2007 Annual Report
Objective 5: Characterize, using microassay hybridizations and other approaches, host plant gene expression pattern in response to infections by 'Candidatus Liberbacter' spp. (citrus greening pathogens).
Laboratory work was completed to determine if synergistic interactions between the grapevine and the sweet orange subspecies of Xylella fastidiosa could be identified. No in vitro synergisms, as measured by population growth, were observed. Novel quantitative real time PCR assays were developed for the purpose of simultaneous quantification of the grape and citrus subspecies of X. fastidiosa in co-inoculated experimental plants. These assays were applied in initial stages of in planta research, where limited synergism between the strains was observed in experimentally inoculated periwinkle plants.
Research on the population structure of X. fastidiosa in Costa Rica was completed. In this work strains of the pathogen from sweet orange, coffee and grapevine were expensively compared with reference strains from the same hosts isolated in Brazil and the United States. The results show that the strains found in Costa Rica are generally more closely related to strains from the United States, and are likely examples of independent adaptation and selection of indigenous strains for growth in introduced horticultural crops.
Research to characterize the cause of citrus chlorotic dwarf continued. Results indicate that the agent is a virus, though the agent is apparently not stable during purification attempts and has not produced detectable levels of dsRNA in repeated assays. The only experimental host for this presumptive virus is various citrus trees. We have been attempting to transmit the virus to a species of tobacco by grafting. If successful, this would greatly facilitate further research on the virus.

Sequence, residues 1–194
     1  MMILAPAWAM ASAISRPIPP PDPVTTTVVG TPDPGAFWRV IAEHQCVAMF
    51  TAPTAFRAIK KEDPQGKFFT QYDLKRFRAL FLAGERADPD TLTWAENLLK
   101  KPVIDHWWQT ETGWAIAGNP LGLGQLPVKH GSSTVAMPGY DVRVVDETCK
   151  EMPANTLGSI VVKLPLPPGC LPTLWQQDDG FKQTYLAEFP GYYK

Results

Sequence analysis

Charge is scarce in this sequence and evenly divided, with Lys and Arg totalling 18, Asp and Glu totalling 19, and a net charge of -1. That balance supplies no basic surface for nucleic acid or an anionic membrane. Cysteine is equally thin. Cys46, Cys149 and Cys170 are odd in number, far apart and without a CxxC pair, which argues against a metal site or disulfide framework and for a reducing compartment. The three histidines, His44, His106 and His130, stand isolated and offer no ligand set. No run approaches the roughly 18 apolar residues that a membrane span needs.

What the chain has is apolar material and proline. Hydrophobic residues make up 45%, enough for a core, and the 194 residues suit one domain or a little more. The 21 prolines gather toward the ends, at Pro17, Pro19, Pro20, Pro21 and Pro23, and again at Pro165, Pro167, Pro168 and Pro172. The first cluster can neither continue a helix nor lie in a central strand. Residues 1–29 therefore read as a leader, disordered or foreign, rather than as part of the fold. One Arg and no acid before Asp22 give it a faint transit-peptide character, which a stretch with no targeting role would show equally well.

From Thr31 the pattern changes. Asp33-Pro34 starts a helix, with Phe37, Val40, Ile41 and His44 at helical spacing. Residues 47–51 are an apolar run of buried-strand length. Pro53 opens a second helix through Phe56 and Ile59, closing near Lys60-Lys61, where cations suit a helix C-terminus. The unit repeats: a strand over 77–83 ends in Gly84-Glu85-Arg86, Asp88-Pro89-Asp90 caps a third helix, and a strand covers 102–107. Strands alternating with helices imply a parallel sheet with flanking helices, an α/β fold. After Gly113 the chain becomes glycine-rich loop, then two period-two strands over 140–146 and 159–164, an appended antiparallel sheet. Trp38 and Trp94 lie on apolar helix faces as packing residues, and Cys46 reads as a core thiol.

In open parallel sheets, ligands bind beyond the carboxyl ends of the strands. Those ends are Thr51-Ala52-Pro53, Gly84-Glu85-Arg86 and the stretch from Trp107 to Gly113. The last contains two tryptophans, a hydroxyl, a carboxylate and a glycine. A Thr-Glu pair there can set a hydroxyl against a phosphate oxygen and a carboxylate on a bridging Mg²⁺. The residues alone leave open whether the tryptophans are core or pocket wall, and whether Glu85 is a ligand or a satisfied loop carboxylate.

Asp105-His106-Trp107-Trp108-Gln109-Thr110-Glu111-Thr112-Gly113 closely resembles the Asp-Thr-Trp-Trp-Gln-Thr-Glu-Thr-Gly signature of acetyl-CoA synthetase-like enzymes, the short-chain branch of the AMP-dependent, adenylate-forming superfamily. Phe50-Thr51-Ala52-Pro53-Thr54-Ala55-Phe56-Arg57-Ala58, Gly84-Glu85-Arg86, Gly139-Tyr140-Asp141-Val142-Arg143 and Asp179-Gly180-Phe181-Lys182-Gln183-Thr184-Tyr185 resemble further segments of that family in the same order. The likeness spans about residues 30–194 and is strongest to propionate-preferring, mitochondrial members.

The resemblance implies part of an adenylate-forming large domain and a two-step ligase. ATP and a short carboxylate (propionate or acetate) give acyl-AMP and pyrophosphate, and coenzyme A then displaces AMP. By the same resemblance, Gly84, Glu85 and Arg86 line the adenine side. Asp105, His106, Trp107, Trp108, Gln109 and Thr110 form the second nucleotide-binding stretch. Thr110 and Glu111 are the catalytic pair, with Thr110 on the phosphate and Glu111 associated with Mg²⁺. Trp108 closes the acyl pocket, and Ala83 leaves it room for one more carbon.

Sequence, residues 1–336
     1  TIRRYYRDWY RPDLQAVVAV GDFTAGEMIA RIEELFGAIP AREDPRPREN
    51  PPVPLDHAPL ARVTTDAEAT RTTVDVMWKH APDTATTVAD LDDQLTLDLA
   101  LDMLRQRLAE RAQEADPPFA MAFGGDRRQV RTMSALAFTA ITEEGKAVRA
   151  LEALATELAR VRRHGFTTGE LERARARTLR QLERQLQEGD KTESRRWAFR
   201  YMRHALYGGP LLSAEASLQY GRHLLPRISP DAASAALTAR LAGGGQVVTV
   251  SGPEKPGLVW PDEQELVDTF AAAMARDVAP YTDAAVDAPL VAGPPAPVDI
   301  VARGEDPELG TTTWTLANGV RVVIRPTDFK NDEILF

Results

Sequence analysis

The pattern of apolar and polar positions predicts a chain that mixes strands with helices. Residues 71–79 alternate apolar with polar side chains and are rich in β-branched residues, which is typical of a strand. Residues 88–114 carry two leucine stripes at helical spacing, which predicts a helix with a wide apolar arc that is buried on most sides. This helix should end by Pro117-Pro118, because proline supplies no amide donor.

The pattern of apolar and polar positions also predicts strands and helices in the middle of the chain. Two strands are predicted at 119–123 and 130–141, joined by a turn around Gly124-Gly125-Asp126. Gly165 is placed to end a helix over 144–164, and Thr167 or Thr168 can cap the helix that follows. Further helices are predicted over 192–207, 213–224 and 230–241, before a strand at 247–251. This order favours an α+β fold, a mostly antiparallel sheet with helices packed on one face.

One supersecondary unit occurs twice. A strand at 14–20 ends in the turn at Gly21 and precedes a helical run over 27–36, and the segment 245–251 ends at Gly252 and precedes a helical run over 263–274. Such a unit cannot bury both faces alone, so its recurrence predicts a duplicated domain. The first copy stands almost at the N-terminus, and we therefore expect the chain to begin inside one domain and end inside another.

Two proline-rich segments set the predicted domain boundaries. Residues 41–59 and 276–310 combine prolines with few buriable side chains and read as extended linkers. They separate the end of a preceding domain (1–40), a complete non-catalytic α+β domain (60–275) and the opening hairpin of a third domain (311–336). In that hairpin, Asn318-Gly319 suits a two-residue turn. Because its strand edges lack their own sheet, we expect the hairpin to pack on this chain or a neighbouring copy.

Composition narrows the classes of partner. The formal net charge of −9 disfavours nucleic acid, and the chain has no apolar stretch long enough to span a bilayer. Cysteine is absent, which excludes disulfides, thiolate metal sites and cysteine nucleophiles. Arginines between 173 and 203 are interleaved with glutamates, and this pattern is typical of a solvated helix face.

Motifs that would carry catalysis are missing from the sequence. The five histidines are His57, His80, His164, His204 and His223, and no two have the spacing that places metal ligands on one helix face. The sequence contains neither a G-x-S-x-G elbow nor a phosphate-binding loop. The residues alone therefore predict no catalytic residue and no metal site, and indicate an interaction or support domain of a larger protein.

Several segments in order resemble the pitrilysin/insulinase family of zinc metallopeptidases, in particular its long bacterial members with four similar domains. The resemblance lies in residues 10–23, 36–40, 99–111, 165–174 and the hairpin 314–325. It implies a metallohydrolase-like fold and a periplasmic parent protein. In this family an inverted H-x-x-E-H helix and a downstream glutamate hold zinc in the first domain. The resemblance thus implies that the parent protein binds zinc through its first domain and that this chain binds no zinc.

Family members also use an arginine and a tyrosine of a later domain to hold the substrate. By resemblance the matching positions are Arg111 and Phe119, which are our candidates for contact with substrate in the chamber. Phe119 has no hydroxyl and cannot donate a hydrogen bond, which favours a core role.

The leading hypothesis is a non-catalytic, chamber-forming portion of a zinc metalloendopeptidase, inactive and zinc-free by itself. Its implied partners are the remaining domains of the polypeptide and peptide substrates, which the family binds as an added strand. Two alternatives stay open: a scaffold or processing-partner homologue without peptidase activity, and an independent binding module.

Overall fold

Evaluation of methods for the detection of Ca. Liberibacter spp. the causal agents of citrus greening disease.
Citrus greening or Huanglongbing disease, is the most serious threat to citriculture in the world today. It is caused by a gram-negative bacterium that has not been cultured. DNA-based detection methods have been reported, but they have not been systematically compared and shown to be effective and efficient for the three species of the pathogen. We compared seven different DNA-based methods. All were effective but some had different host specificities, and we were able to improve the sensitivities of these assays as compared to their original publications. Current quantitative PCR assays were 10-100 times more sensitive than the first generation PCR assays. One of these, developed by our team, can be used to detect all three species of the pathogen. Researchers, industry and regulatory officials must have reliable and well characterized assays for this pathogen in order to diagnose infected trees and certify young trees for planting. These assays will be necessary components of any recovery plan for the Florida citrus industry and will assist current efforts to limit the further spread of the disease in the United States.
Li, W., Hartung, J.S., Levy, L. 2006. Evaluation of dna amplification methods for improved detection of candidatus liberibacter species associated with citrus huanglongbing. Plant Disease. 91:51-58.